Vision: how perceptions survive in the face of ambiguity
Because we live in a visually complex world, one of the major tasks of vision is to resolve ambiguous information into a stable image of our surroundings. By presenting subjects with differing versions of visually ambiguous images, researchers have identified the factors that are important for perceptual stabilization, a process that allows the visual system to overcome conflicting information and maintain a steady perception of an image.
Visual perception is generally accurate and stable. However, when a visual stimulus provides conflicting or insufficient information, perception can be bi-stable or even multi-stable – that is, the way an image is perceived by the viewer can change or switch back and forth over time. By studying the visual system's solution when faced with such ambiguous conditions, Dr. Xiangchuan Chen from the University of Science and Technology of China and Dr. Sheng He from the University of Minnesota sought to tease out clues to the underlying mechanisms of visual perception.
Earlier research had shown that perception can be stabilized when the ambiguous visual stimuli were presented intermittently. Memory of the recent perceptual experience had been proposed to explain this stabilization effect. But the nature of this "perceptual memory" has remained unclear.
In the new work, Drs. Chen and He showed that the mechanism responsible for perceptual stabilization was independent of the memory of object identity, including various qualities possessed by an object, such as color. Using a rotating cylinder image that prompts bi-stable perception, they showed that changing the color, the moving speed of the dots on the cylinder, the size, or the stereo depth of the cylinder had no or minimal effect on the perceptual stabilization of the rotating cylinder. In contrast, stabilization depended on the stimulus location – where in the visual field the object fell.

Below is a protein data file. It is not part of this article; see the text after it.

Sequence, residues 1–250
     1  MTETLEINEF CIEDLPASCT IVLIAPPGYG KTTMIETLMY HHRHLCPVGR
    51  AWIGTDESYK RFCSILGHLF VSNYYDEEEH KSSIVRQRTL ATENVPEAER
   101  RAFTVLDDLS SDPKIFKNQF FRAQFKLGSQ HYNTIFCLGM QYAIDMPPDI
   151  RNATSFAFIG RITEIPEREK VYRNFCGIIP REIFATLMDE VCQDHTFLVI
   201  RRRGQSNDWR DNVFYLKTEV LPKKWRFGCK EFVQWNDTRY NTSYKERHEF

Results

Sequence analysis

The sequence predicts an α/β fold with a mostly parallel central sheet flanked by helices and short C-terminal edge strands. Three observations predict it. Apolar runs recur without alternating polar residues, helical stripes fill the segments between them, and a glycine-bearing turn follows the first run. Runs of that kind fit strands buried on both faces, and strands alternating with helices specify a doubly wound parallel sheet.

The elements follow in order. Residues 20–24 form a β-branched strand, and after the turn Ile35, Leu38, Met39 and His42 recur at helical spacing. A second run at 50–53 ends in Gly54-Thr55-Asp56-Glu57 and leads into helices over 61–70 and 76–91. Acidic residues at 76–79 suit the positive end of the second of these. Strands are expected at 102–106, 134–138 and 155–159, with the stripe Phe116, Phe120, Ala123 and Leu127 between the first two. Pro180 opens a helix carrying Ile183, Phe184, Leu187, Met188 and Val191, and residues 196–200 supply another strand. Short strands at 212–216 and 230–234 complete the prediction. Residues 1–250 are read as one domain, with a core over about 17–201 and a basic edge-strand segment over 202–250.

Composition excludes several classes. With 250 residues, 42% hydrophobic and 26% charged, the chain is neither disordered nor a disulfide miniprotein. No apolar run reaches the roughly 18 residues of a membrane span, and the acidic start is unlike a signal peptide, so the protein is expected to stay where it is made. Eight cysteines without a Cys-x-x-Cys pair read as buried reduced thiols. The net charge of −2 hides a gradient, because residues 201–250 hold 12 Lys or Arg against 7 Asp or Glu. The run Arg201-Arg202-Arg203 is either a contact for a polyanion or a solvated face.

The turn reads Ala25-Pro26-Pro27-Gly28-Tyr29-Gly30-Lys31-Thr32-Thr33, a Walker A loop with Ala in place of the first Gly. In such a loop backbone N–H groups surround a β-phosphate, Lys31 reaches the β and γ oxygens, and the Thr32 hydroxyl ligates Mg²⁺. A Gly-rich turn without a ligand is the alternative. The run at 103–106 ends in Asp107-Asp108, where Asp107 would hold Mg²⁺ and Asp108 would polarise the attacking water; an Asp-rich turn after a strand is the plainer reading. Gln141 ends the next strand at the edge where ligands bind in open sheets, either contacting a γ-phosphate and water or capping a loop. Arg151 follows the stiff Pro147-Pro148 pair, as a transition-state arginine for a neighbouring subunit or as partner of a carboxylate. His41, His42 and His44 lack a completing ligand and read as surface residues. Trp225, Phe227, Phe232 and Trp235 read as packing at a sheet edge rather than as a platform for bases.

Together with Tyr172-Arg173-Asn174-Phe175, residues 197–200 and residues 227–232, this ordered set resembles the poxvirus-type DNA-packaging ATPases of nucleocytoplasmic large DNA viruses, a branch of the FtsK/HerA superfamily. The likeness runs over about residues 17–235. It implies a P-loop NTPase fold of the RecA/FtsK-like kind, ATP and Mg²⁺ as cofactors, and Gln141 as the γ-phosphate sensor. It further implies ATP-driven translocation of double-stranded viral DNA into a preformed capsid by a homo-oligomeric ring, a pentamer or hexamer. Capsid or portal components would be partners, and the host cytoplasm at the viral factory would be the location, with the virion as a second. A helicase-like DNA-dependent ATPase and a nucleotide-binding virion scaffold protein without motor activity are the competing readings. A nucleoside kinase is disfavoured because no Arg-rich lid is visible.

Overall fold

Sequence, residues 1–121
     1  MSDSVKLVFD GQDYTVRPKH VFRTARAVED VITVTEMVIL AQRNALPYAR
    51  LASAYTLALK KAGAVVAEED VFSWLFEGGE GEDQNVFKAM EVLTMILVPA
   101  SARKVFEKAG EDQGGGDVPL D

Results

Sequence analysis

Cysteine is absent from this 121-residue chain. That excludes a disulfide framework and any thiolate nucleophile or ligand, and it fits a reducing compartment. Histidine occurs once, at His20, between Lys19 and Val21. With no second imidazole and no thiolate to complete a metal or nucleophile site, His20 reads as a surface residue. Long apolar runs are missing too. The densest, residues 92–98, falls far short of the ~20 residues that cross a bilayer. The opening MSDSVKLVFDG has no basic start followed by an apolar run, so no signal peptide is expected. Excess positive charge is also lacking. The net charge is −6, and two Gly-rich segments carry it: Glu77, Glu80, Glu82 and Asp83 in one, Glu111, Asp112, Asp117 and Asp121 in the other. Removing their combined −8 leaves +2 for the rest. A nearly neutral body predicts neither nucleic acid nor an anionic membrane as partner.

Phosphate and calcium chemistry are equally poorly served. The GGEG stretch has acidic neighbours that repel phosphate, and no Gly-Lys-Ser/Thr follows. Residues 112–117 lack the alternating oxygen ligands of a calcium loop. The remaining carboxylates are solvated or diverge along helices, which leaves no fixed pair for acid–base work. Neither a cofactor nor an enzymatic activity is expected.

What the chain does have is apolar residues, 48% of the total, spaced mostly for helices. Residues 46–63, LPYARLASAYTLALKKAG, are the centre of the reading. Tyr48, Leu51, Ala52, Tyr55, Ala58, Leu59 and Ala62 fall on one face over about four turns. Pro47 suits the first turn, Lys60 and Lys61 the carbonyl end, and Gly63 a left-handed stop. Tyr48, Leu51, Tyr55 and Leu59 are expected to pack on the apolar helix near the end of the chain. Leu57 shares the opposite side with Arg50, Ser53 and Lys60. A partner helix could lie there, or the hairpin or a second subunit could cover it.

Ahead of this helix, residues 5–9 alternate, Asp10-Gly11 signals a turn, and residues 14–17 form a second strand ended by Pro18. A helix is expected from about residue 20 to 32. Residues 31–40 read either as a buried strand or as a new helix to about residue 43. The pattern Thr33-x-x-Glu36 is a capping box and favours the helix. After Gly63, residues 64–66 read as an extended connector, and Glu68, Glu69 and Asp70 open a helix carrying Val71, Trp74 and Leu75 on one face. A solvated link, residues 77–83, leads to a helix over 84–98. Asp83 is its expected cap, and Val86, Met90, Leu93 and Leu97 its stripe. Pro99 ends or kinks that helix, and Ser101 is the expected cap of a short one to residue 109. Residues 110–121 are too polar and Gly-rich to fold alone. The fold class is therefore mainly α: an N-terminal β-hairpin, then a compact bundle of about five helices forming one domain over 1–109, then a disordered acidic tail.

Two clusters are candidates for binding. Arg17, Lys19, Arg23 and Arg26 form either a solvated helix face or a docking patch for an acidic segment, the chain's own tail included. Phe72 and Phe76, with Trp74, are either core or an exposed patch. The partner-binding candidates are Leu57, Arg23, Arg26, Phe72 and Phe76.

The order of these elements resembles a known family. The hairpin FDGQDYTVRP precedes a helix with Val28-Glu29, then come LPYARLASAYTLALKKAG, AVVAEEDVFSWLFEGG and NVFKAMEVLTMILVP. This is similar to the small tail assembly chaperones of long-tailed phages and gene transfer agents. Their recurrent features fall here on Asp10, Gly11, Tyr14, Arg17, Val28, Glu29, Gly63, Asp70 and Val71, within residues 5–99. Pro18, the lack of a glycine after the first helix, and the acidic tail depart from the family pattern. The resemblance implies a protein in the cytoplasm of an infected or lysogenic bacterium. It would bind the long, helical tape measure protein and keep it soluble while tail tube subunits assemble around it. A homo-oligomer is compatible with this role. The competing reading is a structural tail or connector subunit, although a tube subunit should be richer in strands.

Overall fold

In a second set of tests, ambiguity in the presented image stemmed from each eye being presented with a different image. In this test, two different patterns were intermittently presented separately to the two eyes and were swapped between the two eyes synchronously with the intermittent presentation. The researchers found that perceptual stablization did not appear to be based on the memory or representation of the stimulus itself; instead, it was based on perception being stabilized to one eye rather than the other.
Together, the findings from both experiments are consistent with the view that the possible mechanism underlying perceptual stabilization is not the memory of a stimulus, but rather the removal of so-called local adaptation.
Source: Eurekalert & othersLast reviewed: By John M. Grohol, Psy.D. on 21 Feb 2009
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